Cindy Walker, the queen of Western swing
"Dream Baby," "Bubbles in My Beer," "You Don't Know Me" if Cindy Walker hadn't written another song, these three would be enough to hang her Stetson on. She wrote hundreds more, however, and it's hard to think of a more influential country & western songwriter, or one who's more quintessentially Texan. In fact, Walker still calls Mexia home.
Of course, the first question on anyone's mind is if she's still writing songs. Walker answered that one before it could be asked, holding a tape recorder up to the phone and playing "Is It Love," a sweetly melodic little tune demoed by none other than Rich O'Brien and Leon Rausch. Walker noted that longtime producer Fred Foster has earmarked the song for Norah Jones already.
On the occasion of Texas Folklife Resources (www.texas folklife.org) celebrating Walker's accomplishments this Sunday at the Paramount Theatre, the interview-shy Walker discussed her career, a tale punctuated by an easy laugh and a Texas-plains drawl.
Austin Chronicle: You started your career during the Thirties at the Casa Mañana in Fort Worth. What was that like?
Cindy Walker: Well, I talked to [impresario] Billy Rose and told him I was the best dancer in Texas, and got Papa to drive me to Fort Worth for the audition. I was hired right away. I had my guitar with me, and that's when I wrote "Casa de Mañana." Paul Whiteman heard it and said, "That's the song I've been looking for to open my shows with." That's the first song I had ever played, though I wrote "Dusty Skies" when I was 12. I've always written songs.
AC: Was Bing Crosby still with Whiteman when you two met?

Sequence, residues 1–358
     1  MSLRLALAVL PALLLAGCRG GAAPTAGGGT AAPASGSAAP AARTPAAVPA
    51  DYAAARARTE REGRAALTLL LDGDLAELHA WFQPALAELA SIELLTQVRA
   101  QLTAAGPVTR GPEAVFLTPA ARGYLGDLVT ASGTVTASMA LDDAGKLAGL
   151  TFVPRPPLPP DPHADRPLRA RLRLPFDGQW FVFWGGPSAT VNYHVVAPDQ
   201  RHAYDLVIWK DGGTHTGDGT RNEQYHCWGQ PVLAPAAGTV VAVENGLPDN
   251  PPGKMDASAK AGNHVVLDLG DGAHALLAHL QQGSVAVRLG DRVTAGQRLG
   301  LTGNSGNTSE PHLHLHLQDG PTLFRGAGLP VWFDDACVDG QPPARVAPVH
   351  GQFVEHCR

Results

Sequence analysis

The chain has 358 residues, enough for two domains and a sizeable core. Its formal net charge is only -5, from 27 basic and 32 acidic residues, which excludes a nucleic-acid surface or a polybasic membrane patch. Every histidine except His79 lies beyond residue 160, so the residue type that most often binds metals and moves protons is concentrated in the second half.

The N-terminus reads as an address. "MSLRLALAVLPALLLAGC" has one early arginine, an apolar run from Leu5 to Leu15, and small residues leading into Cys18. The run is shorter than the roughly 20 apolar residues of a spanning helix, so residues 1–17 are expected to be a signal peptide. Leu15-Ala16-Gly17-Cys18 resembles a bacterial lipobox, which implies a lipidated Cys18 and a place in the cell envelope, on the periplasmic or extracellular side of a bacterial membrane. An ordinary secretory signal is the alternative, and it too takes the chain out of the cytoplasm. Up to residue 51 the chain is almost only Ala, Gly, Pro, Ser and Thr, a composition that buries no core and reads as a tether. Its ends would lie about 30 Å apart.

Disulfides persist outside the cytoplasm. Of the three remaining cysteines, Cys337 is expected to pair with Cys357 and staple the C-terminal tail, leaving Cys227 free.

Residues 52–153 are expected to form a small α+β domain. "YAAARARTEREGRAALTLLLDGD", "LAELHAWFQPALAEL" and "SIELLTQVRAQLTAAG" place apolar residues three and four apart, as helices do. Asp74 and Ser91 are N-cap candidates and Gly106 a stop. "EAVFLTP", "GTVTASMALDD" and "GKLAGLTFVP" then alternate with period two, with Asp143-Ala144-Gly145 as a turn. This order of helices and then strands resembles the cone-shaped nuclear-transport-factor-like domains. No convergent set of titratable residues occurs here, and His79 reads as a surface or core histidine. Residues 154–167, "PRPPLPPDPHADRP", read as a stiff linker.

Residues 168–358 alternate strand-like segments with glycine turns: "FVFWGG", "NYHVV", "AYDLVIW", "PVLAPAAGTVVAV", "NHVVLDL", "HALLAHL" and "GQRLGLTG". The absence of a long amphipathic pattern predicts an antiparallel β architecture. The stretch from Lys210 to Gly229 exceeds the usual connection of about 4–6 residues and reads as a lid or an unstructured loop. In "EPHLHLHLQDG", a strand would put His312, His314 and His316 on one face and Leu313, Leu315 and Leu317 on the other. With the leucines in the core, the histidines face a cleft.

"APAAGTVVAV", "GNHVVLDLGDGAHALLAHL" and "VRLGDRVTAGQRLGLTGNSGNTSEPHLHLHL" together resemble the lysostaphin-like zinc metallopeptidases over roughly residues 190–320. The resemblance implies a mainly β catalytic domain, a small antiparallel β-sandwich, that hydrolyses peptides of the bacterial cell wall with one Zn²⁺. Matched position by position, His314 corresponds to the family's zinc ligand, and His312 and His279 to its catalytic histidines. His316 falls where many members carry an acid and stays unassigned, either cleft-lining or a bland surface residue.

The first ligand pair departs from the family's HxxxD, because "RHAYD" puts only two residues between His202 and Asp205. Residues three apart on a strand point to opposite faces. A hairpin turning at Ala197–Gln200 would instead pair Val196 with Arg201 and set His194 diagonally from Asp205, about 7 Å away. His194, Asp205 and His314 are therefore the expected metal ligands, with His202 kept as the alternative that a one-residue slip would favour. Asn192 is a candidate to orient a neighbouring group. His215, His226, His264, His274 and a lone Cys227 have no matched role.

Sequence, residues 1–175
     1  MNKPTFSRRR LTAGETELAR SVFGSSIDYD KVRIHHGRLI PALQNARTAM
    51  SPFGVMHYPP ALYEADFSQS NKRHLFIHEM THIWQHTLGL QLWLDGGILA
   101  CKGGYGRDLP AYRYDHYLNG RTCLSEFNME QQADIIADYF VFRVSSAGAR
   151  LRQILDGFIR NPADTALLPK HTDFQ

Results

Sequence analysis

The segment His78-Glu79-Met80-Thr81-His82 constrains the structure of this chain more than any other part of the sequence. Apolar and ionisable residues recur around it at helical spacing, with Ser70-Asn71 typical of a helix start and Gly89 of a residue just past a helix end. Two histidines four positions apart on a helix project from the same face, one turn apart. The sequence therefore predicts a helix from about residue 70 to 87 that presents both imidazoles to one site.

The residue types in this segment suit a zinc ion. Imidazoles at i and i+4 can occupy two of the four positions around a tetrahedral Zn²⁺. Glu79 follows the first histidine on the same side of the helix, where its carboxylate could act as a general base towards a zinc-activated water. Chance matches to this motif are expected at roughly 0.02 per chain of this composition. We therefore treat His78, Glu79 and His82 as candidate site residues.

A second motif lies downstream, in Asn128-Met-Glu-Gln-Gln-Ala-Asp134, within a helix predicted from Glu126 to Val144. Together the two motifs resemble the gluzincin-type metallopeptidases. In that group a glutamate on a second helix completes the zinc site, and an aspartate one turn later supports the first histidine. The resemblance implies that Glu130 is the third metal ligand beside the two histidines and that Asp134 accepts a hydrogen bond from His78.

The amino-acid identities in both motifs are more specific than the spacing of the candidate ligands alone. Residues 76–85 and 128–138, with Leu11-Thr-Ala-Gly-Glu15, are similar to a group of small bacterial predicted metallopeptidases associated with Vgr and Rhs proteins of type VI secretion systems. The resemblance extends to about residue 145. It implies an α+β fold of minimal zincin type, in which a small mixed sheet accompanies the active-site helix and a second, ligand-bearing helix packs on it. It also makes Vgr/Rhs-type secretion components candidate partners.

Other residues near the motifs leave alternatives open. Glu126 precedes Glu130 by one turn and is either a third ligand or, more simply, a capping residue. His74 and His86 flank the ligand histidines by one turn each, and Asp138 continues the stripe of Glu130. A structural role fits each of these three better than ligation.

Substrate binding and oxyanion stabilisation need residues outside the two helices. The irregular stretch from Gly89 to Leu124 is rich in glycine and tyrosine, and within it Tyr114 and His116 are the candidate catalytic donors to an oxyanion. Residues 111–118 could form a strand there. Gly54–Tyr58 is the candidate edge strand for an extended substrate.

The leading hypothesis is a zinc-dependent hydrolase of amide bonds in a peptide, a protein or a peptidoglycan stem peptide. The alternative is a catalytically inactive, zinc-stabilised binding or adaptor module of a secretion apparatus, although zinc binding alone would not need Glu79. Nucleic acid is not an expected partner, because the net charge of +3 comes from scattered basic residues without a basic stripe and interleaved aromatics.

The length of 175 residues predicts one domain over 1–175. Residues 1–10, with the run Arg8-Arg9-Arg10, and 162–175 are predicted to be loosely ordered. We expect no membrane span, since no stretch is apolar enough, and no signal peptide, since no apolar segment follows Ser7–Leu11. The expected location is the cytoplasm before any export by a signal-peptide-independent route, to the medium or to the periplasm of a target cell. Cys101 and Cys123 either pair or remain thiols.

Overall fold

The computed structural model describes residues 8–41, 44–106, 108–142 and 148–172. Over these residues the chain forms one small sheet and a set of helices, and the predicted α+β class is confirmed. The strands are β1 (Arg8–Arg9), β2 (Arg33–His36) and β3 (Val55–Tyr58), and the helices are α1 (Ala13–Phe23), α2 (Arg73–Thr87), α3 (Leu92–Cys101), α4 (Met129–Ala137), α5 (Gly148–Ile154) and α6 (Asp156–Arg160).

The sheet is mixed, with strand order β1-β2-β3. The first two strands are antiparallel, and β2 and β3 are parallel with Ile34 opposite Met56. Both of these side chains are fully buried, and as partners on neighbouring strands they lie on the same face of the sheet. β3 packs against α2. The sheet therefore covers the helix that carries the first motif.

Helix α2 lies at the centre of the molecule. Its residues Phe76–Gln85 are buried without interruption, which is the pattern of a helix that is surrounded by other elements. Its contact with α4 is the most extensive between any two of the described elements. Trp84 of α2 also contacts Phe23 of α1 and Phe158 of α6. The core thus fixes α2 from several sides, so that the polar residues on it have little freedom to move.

CW: No, let me tell you about that. My father was a cotton buyer, and we were in Tucson. We took a trip to Hollywood to sell some pima cotton, and I saw the Crosby Building. I said, "Stop, Papa, stop! I've got a song for Bing Crosby, and I want to see him!" And Pop said, "You're squirrelly, girl. Bing Crosby's not in that building!"
But I went in and saw Larry Crosby there. I told him I was a songwriter. I couldn't play the piano and didn't play guitar very well, so I ran downstairs and got Mama and made her play piano. He said, "Well, what are you gonna sing?" I said, "'Lone Star Trail.'" He took me over to Paramount the next morning, and I sang it for Bing. His publisher liked it too, so that's the way that happened!
AC: How did you get to know Bob Wills?
CW: Well, I wrote "Cherokee Maiden" and "Bluebonnet Lane" for Bob Wills and was gonna send them to Cain's Ballroom in Oklahoma. I went out to mail the package, and here comes a bus down the street that says "Bob Wills & His Texas Playboys," so I didn't mail it! I ran home and called all the hotels and found him at the Hollywood Plaza. Wills wasn't there, but his manager O.W. Mayo was, and I played him those two songs and "Dusty Skies," and he brought Bob over there when he got into town. I sang 'em for him, and he did five of my songs.
AC: You wrote all the songs for Wills' movies?
CW: Thirty-nine songs. They didn't turn down one of them. They were in eight movies.
AC: It must have been a great thrill to see him do your songs live.
CW: Oh, it was. And when Tommy Duncan sang "Dusty Skies," he cried. But I didn't think of songs as being hits, I just wrote them. I still write 'em like that. Some people ask me why "You Don't Know Me" has Eddy Arnold's name on the songwriting credits.
It happened in Nashville when I went in to say goodbye to [Steve] Sholes of RCA Records and Eddy came in right about the time I was leaving. He said, "I've got a title that I want you to write a song around: 'You Don't Know Me.'" I said, "Well, that doesn't sound like much, but I'll think about it." I went home and wrote it.
There's a lot of the music business that I know a lot about, but I just never thought in those terms, y'know?
AC: Were you and Wills close?